But Livingstone knew all the tricks. He claimed he had ‘discovered’ a vast mountain of cash that TfL had been sitting on and not using. He pointed to official figures apparently showing there was a £700m-odd ‘surplus’ in the TfL accounts that he would now use to cut fares by 5%. This number was the so-called ‘operating surplus’ – the difference between what TfL thought they would spend on running the system and what they actually did, combined with the difference between what they thought they would get in fare revenue and what they actually did.
Livingstone knew very well that this ‘surplus’ had existed for years, particularly when he was Mayor. He also knew that it was allocated to investment projects, just like it was when he was Mayor. It was money that appeared spare, but was in fact earmarked for things that would improve the system. It was why he never once used it to cut fares himself.
It was a common tactic to claim this was ‘unspent’ money, just as the Conservatives on the London Assembly had tried in 2007. Back then, Mayor Ken explained why it couldn’t be used:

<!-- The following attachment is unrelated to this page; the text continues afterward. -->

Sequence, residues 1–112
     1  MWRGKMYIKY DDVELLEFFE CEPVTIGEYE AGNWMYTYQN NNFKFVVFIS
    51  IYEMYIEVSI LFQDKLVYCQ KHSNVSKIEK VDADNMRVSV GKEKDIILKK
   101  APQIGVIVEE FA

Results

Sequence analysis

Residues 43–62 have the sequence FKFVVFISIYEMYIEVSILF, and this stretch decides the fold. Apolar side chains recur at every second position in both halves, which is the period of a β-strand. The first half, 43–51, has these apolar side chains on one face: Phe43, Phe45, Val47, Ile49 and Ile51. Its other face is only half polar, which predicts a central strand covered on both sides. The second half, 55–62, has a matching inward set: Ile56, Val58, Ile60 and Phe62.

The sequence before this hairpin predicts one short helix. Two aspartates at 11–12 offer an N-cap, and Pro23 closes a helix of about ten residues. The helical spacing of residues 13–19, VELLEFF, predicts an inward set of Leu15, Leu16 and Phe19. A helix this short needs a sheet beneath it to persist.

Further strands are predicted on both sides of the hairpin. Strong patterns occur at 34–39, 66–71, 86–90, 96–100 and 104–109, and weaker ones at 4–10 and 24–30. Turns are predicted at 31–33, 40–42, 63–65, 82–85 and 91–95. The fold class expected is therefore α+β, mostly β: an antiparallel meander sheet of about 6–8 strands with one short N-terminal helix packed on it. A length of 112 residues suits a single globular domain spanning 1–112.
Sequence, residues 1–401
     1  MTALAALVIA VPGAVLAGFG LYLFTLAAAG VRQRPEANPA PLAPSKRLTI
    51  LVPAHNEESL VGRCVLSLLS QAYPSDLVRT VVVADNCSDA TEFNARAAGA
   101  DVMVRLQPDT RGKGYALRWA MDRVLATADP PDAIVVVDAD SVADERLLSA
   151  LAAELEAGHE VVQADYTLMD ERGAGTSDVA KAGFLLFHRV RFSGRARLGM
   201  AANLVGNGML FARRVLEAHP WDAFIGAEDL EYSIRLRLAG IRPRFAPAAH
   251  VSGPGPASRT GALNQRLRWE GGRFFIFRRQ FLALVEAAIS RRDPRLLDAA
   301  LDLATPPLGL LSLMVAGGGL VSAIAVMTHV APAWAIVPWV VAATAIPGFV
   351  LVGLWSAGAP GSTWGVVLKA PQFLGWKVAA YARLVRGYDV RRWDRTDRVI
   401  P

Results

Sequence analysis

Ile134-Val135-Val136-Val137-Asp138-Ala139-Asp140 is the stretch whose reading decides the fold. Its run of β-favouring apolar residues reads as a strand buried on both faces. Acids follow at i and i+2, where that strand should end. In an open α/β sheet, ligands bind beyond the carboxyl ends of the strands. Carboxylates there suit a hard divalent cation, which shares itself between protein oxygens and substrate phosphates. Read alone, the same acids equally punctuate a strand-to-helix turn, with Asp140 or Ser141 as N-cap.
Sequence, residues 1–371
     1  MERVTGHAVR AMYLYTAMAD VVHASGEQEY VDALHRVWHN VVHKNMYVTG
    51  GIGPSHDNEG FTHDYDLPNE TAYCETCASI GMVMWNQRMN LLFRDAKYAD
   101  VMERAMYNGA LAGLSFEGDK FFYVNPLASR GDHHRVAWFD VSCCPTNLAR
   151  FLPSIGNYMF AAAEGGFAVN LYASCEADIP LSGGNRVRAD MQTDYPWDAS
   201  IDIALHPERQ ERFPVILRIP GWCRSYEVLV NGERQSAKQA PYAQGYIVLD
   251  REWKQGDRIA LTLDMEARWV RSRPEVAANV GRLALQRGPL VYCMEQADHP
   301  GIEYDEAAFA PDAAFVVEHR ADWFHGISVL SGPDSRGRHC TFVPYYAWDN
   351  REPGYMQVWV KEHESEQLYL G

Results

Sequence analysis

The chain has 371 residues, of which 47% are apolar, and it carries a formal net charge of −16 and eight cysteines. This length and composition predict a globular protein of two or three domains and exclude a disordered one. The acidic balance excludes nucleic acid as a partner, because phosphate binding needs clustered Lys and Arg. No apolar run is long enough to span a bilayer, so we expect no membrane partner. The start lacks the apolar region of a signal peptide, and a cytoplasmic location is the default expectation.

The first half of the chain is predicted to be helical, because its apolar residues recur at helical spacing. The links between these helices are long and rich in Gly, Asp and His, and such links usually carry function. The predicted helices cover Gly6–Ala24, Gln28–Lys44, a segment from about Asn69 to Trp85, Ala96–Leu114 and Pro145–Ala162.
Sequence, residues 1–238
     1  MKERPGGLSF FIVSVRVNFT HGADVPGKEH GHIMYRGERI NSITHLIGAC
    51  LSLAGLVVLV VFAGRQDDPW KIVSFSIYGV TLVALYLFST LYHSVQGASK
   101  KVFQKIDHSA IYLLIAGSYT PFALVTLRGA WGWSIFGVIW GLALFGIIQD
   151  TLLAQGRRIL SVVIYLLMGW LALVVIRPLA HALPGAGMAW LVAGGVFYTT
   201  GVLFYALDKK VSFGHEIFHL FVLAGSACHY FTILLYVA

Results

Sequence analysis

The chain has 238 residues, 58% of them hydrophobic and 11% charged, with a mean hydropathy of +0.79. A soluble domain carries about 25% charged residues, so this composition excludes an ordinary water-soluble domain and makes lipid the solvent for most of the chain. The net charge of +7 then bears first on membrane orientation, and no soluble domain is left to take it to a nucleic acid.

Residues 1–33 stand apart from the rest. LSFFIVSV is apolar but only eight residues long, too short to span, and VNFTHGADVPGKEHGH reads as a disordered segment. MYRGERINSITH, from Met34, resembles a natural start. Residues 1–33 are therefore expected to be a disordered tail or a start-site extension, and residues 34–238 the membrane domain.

“There has been some fascinating speculation in the press that I have a £500 million slush fund that I can spend between now and the election. You know me; if I had it I would, but I do not. There is the small matter of the need for TfL to balance its budget in law, and the balances we carry are all allocated against the range of projects coming forward.28”
Moreover, Livingstone was equally clear about the choice between cutting fares and cutting investment. When it was proposed he use this money to fund fare cuts in 2007, he replied:
“That is fine as long as it also has the honesty to go on and say what I should cut whilst cutting the fare increase.29”
In the heat of an election campaign, these fine distinctions were irrelevant and Livingstone knew it. It was a simple calculation. Voters would understand a proposal to cut their cost of living a lot better than a complicated argument about surpluses and allocated investment. And people were feeling the squeeze, so much so they were more than willing to accept a cut to future investment if it meant immediate relief.
November and December 2011 saw Ken wage a guerrilla campaign against Boris, using every opportunity to justify and re-enforce his policy. He suddenly had his compelling offer, and it would prove to be almost irresistible to voters. It would put us in an awkward position.
Another behind the scenes revelation from "Victory in London - the inside story of hte Boris campaign"